With winter comes snowstorms, and with normal snowstorms come power outages and emergency work for the tens of thousands of IBEW lineworkers. Even a few inches of snow and ice can knock out power for hundreds of thousands of people.
|Local 1245 member and line foreman Dan Michael.
Lake Tahoe, Calif., received more than 23 feet of snowfall in January.
Three feet fell in a single day. Since the ski season began in November, resorts ringing the azure blue lake in the Sierra Nevada mountains have received more than 30 feet of snow.
For skiers who could get there, the snow was almost miraculous, a story they will long remember. For the members of Vacaville Local 1245 responsible for maintaining PG&E, Nevada Energy Liberty Energy’s power grids, the memories won’t be of endless runs on downy powder.
January was the month snowdrifts the size of buildings couldn’t keep the power off in the Sierra Nevadas.
“After half a decade of drought,
it felt like we got five years of snow over the course of three weeks,” said
Local Vacaville 1245 Business Manager Tom Dalzell. “We have plenty of members
with more than 30 years on the job, and few of them can recall so much snow in
such a short period of time.”
There were tens of thousands of outages in the Lake Tahoe valley, but the storms didn’t just hit the Sierra Nevadas. At lower elevations, from the Bay Area to the foothills east of Sacramento, all that snow fell as rain, and high winds knocked down thousands of poles.
“There were a sea of outages, from the coast all
the way out past the mountains,” said Dalzell. “We had upwards of 1,000 IBEW
members involved in the restoration effort. We had our utility members of
course, including lineworkers, along with clerical, warehouse, supply and
maintenance people supporting them. We also
have a number of our outside line members
who were brought in to help out as well. “
Dalzell said the outages outside the mountains were repaired within “minutes to hours” but in the Sierras and Lake Tahoe, it was a different story.
“If we could get to you easily, we could bring the power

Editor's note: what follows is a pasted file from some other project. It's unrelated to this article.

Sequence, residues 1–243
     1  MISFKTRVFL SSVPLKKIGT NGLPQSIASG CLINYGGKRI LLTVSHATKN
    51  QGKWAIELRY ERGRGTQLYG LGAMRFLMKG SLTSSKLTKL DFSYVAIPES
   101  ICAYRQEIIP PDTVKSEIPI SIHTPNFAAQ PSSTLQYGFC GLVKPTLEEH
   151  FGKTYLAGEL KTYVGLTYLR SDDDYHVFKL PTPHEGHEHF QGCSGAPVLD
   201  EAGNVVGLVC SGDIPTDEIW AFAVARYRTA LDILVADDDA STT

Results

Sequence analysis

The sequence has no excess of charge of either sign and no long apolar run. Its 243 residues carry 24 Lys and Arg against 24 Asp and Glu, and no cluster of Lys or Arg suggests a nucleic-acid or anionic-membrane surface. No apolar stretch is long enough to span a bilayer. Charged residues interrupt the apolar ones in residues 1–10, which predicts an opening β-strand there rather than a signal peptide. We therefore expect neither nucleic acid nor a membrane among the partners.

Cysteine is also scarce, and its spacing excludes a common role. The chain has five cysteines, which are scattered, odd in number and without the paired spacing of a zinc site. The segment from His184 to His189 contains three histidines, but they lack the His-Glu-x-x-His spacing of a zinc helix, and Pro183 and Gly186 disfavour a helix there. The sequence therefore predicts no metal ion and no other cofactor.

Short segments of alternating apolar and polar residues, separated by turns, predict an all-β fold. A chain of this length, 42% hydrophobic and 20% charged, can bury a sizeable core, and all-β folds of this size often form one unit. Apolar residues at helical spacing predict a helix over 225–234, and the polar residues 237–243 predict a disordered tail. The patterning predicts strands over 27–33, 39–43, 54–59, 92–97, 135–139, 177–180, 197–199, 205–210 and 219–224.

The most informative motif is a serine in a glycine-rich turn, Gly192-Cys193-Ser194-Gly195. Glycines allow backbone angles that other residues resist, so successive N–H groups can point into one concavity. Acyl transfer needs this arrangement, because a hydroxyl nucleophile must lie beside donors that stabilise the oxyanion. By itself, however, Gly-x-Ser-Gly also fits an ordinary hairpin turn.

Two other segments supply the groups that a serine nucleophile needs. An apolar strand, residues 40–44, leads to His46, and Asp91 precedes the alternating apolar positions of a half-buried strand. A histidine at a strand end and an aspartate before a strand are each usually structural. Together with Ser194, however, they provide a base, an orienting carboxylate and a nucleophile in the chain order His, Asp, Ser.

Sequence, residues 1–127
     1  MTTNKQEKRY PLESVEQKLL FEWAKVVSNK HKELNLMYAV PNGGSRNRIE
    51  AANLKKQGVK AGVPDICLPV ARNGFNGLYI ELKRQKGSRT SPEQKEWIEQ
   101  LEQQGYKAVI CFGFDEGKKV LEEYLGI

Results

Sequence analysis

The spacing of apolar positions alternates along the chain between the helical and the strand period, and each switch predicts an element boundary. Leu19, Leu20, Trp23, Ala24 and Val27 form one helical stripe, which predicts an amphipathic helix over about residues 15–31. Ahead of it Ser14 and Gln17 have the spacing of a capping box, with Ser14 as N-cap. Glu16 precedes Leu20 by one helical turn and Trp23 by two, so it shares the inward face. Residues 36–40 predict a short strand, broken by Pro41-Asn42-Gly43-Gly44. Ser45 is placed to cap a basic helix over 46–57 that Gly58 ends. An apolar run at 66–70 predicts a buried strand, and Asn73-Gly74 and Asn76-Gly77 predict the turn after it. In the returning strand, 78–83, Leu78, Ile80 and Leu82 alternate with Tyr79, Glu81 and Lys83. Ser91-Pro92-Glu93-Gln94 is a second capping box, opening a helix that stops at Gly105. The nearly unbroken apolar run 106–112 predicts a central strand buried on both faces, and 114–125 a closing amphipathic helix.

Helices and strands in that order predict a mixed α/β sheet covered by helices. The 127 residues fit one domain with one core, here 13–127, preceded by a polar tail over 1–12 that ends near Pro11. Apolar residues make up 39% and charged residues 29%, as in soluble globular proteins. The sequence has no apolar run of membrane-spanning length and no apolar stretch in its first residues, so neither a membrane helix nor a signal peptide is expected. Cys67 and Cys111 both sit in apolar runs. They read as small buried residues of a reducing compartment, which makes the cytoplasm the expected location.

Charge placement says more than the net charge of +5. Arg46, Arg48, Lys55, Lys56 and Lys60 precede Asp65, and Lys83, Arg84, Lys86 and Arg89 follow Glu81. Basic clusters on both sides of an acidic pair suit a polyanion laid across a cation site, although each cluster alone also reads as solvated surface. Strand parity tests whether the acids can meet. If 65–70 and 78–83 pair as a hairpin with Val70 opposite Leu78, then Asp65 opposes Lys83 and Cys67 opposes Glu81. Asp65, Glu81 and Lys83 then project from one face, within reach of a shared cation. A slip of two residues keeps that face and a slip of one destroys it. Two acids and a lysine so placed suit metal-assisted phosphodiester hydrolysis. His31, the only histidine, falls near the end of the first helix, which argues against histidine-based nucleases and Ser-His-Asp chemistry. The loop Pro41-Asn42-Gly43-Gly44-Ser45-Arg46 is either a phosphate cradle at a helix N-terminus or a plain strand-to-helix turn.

back quickly. But if you lived up in the mountains, and it was more of a
challenge, because of road blockages, downed
trees and snowdrifts. Many of the crews had
to use snowcats (specialized trucks designed to move on snow) and snowshoes, as
well as helicopters.”
Liberty called more than a dozen Local 1245 line crews from Par Electric, Titan, and Summit Line to get the power back on.
“This is probably the worst snowstorm I’ve seen in a long while,” said Par Electric Crew Foreman Dan Michael to Local 1245’s Utility Reporter. “The biggest challenge here is definitely access. We’re on snowshoes and using snowcats, and they’re bringing in some helicopters for some of the poles we need to set.”
Michael and his crew were faced with trees on the line and a downed primary and had to rebuild the poles and change out several transformers before turning the power back on.
“I’m a third generation lineman, so I’m a pretty strong IBEW member,” said Michael. “My grandfather was in the union back in the late 1890s. My dad retired with over 40 years of service. I’m at 30 years myself. The retirement, the benefits and the quality of life are what I like most about [the union].”
|Local 1245 member and line foreman Russ Nolen.
|Vacaville Local 1245 apprentice Reige Mize in snowshoes helping restore power in Lake Tahoe after 23 feet of snow fell in three weeks in January.
Photo credit: Photos by John Storey, courtesy of Local 1245.